Businesses are increasingly seeing the commercial benefits of sustainability but struggling to take action because of a lack of expertise and data, according to Schneider Electric's Sustainability Index.
The Sustainability Index: transforming intention to outcomes report found that most companies see climate change as a major operational risk and support Australia’s transition to net zero, however, while businesses are embracing sustainability, they are struggling to act.
The report polled more than 500 decision-makers across corporate Australia, and findings revealed that three-quarters (76 per cent) of respondents believe sustainable transformation offers a competitive edge, which is up 13 per cent on similar research conducted in 2021.
Asked what the drivers were towards adopting sustainability, 86 per cent nominated profitability benefits including increased revenues, brand equity and efficiency. Additionally, most businesses (75 per cent) feel benefits outweigh the costs when it comes to adopting sustainable technology, up from 68 per cent last year.
Participants also stated there was increasing pressure from customers and shareholders to reduce their climate change impact, with one stating they will be forced to change, otherwise their company will be left behind by competitors.
According to Gareth O’Reilly, Schneider Electric’s Pacific zone president, Australia is at a tipping point for corporate sustainability.
“Most companies support reaching net zero, and they know energy efficiency will make sustainability profitable, they need the data, technology and expertise,” O’Reilly said.
“Now is the time to act on reducing emissions to not only reduce impact on climate change, but also to help manage operational risk and meet stakeholder expectations.”
Companies are investing in the energy transformation, with most (79 per cent) respondents agreeing that digital is playing a key role in achieving sustainability goals, and more than half (57 per cent) stating they had increased their spending on digital technology over the past three years, with 42 per cent investing in automation.
A majority also planned to invest in monitoring and reporting (79 per cent), energy and resource efficiency (75 per cent), and data automation (74 per cent) in the next two years.
This increased investment in digital technology to augment energy management is contributing to what Schneider Electric describes as ‘Electricity 4.0’, a new energy revolution driven by the convergence of digital and electric at scale.
However, despite recognising the commercial benefits and the public and stakeholder pressure for action on sustainability, one in 10 (11 per cent) have no intention of reducing their carbon footprint, and many (45 per cent) don’t expect to do so until 2030 or later, citing several reasons.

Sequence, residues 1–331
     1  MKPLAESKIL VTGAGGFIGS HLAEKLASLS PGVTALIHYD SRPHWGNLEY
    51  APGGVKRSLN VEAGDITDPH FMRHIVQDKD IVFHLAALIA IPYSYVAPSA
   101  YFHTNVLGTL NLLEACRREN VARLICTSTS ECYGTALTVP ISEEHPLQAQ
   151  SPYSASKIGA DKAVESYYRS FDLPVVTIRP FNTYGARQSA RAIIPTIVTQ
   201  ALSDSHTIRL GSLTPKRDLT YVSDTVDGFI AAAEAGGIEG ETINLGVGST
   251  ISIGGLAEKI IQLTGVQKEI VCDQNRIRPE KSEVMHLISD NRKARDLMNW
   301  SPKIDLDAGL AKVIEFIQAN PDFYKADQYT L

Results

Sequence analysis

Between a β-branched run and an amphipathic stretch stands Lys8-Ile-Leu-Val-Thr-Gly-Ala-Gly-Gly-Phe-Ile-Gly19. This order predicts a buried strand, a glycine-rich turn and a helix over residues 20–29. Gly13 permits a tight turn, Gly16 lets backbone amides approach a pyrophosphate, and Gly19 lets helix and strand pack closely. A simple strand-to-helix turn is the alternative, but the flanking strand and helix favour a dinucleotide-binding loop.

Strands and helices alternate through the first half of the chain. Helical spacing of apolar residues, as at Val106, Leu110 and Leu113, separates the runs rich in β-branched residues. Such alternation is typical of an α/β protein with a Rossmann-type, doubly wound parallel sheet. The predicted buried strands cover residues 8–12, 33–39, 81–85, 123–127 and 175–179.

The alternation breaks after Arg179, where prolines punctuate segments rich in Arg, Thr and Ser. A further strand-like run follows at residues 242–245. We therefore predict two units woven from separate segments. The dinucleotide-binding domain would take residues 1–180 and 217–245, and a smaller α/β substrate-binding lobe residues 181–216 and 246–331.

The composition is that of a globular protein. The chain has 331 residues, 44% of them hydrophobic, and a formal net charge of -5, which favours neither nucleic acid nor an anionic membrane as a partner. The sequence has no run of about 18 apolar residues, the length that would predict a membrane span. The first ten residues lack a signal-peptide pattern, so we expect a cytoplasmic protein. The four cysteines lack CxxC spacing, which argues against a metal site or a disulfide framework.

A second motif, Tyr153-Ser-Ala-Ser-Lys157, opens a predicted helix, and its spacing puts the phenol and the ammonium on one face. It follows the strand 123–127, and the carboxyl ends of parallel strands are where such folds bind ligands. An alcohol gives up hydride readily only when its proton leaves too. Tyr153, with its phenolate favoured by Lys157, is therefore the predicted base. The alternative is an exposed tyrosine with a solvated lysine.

Leading barriers to net zero reported by companies that want to decarbonise included a lack of expertise (28 per cent) or data (21 per cent) to do so. Most companies don’t have detailed data or resources to identify and measure their own emissions and those across their supply chains.
With climate change seen as the number one risk to the supply of energy and resources, around a third (37%) of those who participated in the survey are acting to reduce their own emissions. Additionally, 45 per cent have, or are developing, business plans to address the climate risk.
“Most businesses want to act on climate issues, but many are constrained by a lack of skills, expertise, technology, and the data to take the steps needed to cut emissions, however, the technology is available for businesses to make substantial emissions reductions,” explained O’Reilly.
“Setting a net zero target is a critical step, but it is the planning and operational changes a business makes to achieve these goals that really matters.
“Digital monitoring enables us to see how we use our energy, thereby, driving efficiency and eliminating waste. Adding smart devices and software enables us to deploy energy more efficiently.”
The survey also revealed that nearly half (46 per cent) of respondents had, or were well underway with, a strategy to quantify their own emissions, or those across their supply chains.
Of those companies committed to decarbonisation, between 14 and 30 per cent said they had “limited understanding” of their own emissions across the various Scope 1 and 2 elements, and between 16 and 35 per cent for Scope 3 elements.
Roughly 30 per cent said they had estimated their emissions based solely on their energy spending, and less than five per cent said they had achieved material emissions reductions across their use of gas and fuel – although nearly 10 per cent said they had achieved reductions in their emissions from electricity use.
“The data shows us that all the pieces for net zero are falling into place, and if businesses listen to the market, the public and their stakeholders to embrace the future of energy, we can create a greener future for Australia,” O’Reilly concluded.